Young Baltasar grew up with his Cartajimeña mother's simple, good cooking but without access to fancy food, "stack and splatter", snail ice cream and so on. In the family's bar in Cartajima, his mother still serves up traditional Andalucian fare: simple salads lightly dressed, delicious fried fish, aubergine chips, and, her finest hour, divine green peppers fried in olive oil and drenched with sea salt. Lovely, but a far cry from the Blumenthals and Ferran Adriàs from a more sophisticated world.
Guests of Los Castaños enjoying a night out in Cartajima at the bar of Baltasar Snr and AmaliaHow does somebody have a dream without knowing what they are dreaming of? How did he know there was a different world of food out there beyond the mountains? At just 15 he persuaded his parents to send him to cooking school. He rose through the ranks rapidly and, now, only 29 years old, he heads up Martin Berasategui's new restaurant in Sevilla, Santo by Martín Berasategui. Martin is one of the world's top chefs and a household name in Spain. Here is a link to his blog and an article with photo of his young Cartajimeño disciple, Baltasar. Martin's blog and a photo of Baltasar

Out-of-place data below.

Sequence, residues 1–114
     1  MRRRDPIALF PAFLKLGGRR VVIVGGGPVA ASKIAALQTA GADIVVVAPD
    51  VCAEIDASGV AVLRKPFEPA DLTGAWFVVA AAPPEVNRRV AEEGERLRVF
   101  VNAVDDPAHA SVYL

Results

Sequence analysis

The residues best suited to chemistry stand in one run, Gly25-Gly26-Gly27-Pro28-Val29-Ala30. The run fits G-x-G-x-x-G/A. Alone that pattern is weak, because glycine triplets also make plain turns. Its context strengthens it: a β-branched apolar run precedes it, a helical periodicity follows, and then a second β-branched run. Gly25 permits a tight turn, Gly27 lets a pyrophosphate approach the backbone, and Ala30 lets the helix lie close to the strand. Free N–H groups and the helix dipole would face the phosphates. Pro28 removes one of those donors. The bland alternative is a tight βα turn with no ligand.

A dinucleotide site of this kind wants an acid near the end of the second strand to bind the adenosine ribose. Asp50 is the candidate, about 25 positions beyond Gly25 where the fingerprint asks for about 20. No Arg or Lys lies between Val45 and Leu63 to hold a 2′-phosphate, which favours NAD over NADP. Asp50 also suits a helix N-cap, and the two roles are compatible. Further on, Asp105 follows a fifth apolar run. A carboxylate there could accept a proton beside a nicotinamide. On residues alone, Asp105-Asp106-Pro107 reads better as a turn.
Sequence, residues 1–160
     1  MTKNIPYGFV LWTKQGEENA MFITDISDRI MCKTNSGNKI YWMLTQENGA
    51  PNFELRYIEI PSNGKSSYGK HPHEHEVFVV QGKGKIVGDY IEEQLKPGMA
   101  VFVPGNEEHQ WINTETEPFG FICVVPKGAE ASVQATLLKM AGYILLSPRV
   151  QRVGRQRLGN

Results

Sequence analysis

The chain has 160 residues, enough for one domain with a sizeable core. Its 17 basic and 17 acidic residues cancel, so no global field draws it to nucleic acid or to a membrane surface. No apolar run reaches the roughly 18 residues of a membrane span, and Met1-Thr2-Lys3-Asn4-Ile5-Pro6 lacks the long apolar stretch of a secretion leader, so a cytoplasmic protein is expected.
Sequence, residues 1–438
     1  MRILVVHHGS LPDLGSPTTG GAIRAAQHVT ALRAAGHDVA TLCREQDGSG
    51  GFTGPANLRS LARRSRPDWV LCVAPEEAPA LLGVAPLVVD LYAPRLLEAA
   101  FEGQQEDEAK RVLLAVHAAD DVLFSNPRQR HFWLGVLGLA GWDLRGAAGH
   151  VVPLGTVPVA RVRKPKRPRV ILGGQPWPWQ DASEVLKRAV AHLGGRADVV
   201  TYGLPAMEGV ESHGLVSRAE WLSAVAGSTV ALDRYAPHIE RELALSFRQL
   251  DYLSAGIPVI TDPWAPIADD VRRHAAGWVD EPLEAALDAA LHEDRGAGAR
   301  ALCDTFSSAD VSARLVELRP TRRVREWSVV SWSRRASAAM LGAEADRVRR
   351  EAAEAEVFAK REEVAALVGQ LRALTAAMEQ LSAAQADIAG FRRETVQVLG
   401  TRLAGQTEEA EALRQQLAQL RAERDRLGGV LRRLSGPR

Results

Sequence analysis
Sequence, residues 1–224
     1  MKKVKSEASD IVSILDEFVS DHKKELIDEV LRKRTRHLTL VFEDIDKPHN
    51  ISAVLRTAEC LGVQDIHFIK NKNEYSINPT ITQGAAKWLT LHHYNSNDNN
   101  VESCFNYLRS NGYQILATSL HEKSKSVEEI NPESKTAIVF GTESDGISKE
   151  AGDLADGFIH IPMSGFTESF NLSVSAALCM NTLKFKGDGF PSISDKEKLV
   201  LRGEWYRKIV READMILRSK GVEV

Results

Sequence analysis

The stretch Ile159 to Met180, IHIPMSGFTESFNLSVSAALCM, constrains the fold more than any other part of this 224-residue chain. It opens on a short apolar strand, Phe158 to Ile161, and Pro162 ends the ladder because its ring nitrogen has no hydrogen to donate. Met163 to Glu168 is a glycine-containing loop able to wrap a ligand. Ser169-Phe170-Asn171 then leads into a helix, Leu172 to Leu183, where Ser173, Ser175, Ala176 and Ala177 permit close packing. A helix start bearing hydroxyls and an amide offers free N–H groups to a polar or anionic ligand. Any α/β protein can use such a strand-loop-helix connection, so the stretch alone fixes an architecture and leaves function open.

The young Baltasar got married just before opening the new restaurant this February and Cartajima was host to a lavish wedding with VIPS, including Martin. The Great Man stayed at Los Castaños and the locals were in awe of his visit to their tiny town; they urged me to take my photograph with him. But that's not my style - or I suspect his. For a Great Man, a celebrity chef, he was unassuming, modest, and appreciative. One could not help but like him.
When you come to visit us, make time for a trip to Sevilla to taste the fare produced by a simple Andalucian boy born into a simple culinary family but a man who is going to be a Great Man in the future! And then sample his roots at the Cartajima bar.